PrincessandPony_HiResKate Beaton’s The Princess and the Pony is, intriguingly, not told via the sequential art form that makes her so well-known for her irreverent web comic, Hark! A Vagrant. Despite this, the picture book is clearly recognizable as Beaton’s work with her thick-lined characters and their extremely diverse and expressive faces.

Princess Pinecone, the smallest warrior in her kingdom, wants a real warrior horse for her birthday this year instead of the cozy sweaters she keeps receiving. Although she does, in fact, receive a horse, it doesn’t quite live up to her expectations. Instead of a fast, strong warrior horse, Pinecone is given a tiny roly-poly pony with a flatulence problem. Determined to make the best of her situation, Pinecone tries to train the pony for the upcoming battle, with rollicking results.

While the story itself is funny and charming, what truly makes The Princess and the Pony such a wonderful picture book is, of course, its pictures. Beaton blends sparse text with tons of visual humor, making this a delight for both one-on-one reading with a child or a shared storytime experience. After we first see Pinecone donning a horned viking helmet, we turn the page to see her in a line-up with some of the other warriors in the kingdom showing off their birthday presents. While the other warriors wield shields, amulets, helmets, and even a falcon, Pinecone wears a sweater proclaiming her a “Special Girl.” Children and adults alike will enjoy closely examining scenes such as Pinecone’s bedroom and, of course, the epic battle.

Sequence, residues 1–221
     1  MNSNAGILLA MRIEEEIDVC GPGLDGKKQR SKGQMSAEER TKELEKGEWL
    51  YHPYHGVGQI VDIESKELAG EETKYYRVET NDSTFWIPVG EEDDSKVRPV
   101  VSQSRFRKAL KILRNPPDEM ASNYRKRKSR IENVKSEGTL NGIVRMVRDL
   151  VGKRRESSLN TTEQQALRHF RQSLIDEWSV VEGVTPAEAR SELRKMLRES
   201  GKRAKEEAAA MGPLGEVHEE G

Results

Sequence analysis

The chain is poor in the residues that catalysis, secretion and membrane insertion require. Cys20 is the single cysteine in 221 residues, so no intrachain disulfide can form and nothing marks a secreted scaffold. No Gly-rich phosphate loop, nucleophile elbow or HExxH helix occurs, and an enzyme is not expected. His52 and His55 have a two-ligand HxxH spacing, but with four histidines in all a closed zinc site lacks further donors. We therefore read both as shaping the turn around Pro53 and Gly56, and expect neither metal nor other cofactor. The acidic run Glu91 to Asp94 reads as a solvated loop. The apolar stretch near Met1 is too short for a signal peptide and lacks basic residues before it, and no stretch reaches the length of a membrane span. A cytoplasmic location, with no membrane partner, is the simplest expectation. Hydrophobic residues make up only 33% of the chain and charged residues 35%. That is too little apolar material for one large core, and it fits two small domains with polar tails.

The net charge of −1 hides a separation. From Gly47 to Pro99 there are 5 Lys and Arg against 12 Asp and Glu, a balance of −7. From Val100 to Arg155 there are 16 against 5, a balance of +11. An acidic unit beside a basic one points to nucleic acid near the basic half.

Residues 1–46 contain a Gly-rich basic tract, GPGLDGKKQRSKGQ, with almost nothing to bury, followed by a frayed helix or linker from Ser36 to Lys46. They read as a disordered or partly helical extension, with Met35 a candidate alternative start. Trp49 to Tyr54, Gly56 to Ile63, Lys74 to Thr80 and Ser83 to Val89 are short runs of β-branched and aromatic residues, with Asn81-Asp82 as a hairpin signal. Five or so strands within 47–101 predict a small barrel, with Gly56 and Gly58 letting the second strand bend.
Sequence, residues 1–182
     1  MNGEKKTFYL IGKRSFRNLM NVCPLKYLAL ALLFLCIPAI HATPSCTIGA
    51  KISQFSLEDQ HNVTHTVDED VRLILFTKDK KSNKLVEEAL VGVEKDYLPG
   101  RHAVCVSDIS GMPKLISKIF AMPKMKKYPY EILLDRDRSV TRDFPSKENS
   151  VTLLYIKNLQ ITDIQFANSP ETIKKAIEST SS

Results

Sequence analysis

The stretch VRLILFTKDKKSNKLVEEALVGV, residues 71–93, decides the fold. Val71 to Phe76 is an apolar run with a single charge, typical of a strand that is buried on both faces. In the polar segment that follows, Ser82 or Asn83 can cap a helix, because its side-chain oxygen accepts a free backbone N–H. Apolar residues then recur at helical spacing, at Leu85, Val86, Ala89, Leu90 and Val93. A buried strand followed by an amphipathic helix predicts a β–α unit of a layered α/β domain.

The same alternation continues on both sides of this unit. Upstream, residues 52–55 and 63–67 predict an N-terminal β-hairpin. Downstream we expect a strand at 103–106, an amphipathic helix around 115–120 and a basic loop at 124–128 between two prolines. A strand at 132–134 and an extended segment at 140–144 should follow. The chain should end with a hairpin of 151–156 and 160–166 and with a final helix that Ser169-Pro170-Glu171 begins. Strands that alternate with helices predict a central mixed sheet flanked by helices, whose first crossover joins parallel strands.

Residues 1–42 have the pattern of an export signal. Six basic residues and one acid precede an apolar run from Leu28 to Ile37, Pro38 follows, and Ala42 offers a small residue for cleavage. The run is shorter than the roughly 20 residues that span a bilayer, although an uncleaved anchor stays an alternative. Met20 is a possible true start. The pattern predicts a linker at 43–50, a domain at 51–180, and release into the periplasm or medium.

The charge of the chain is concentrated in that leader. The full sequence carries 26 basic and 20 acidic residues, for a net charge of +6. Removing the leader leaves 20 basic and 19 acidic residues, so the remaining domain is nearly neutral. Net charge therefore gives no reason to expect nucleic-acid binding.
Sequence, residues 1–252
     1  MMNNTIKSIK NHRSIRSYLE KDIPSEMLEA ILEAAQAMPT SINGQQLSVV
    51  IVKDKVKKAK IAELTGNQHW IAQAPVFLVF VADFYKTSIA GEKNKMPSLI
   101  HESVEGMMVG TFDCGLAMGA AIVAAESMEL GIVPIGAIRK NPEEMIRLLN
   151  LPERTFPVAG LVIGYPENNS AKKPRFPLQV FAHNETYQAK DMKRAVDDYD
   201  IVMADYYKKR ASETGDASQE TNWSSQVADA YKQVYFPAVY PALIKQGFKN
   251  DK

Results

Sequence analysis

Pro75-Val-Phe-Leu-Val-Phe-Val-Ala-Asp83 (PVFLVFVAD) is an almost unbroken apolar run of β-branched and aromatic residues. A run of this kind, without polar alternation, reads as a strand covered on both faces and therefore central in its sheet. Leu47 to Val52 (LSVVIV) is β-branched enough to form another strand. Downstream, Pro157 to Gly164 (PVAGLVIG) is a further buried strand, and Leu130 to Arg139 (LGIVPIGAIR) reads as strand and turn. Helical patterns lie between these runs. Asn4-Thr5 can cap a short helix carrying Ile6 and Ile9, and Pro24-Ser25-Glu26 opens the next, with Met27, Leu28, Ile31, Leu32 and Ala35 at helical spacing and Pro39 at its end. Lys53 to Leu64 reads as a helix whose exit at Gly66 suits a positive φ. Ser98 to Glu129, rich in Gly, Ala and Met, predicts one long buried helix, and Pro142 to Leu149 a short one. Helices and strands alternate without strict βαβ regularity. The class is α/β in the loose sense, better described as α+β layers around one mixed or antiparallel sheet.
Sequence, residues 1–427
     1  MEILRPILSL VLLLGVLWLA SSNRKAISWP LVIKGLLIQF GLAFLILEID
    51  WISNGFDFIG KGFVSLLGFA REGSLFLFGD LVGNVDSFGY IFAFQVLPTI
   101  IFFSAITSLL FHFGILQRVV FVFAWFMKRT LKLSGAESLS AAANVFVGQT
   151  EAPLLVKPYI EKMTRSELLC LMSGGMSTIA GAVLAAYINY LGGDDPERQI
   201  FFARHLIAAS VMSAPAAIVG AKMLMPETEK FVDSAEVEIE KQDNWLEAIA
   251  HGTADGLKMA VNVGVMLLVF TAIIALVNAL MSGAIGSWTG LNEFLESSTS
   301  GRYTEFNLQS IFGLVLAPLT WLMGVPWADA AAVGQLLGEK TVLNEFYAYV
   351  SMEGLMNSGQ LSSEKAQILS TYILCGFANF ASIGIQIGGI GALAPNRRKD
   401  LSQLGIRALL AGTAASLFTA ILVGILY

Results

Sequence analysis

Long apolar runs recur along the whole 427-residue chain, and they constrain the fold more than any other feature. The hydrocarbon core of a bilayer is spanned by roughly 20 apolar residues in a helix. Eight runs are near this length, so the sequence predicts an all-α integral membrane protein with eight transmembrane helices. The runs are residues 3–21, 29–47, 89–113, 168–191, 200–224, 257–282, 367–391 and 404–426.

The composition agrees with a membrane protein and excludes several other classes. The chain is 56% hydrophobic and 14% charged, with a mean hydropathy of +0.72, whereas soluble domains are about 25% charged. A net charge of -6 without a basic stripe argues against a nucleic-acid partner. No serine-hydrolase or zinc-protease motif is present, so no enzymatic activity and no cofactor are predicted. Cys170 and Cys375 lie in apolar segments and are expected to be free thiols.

The battle scenes showcase yet another aspect that makes The Princess and the Pony such a welcome addition to library shelves: Beaton does an excellent job of showcasing diversity naturally. While it does not affect the story at all, this kingdom of warriors is diverse in every sense of the word. With varying skin tones, sizes, ages, and personal styles, no two characters in this picture book look alike. This is best shown in the double-page spread of the battle which offers a smorgasbord of characters. Pinecone herself is racially diverse, with a dark-skinned, dark-haired mother, and light-skinned, blonde father. None of this feels forced, but rather natural in Beaton’s kingdom.

In addition to showcasing a diverse set of characters, Beaton weaves pop-culture references into her artwork, creating some anachronistic hilarity, such as seeing a hot dog vendor at the epic battle or viewing Pinecone’s posters of various warrior teams, reminiscent of rock band posters. When the warriors, wishing to showcase their cuddly sides, don some of Pinecone’s cozy sweaters, readers are treated to another hilarious lineup, this time with the warriors looking more like hipsters at an ugly sweater party than ready-for-battle brutes. Even the endpapers are in on the joke, with the back endpapers featuring our adorable little pony wearing cozy sweaters of its own.

The Princess and the Pony
by Kate Beaton
ISBN: 9780545637084
Scholastic, 2015
Publisher Age Rating: 4 – 8 years old

  • Nicole Giroux

    Past Reviewer

    This reviewer is not longer actively working on our site, but we would not be here if not for our many dedicated contributors over the years. We thank all of them for their reviews, features, and support!

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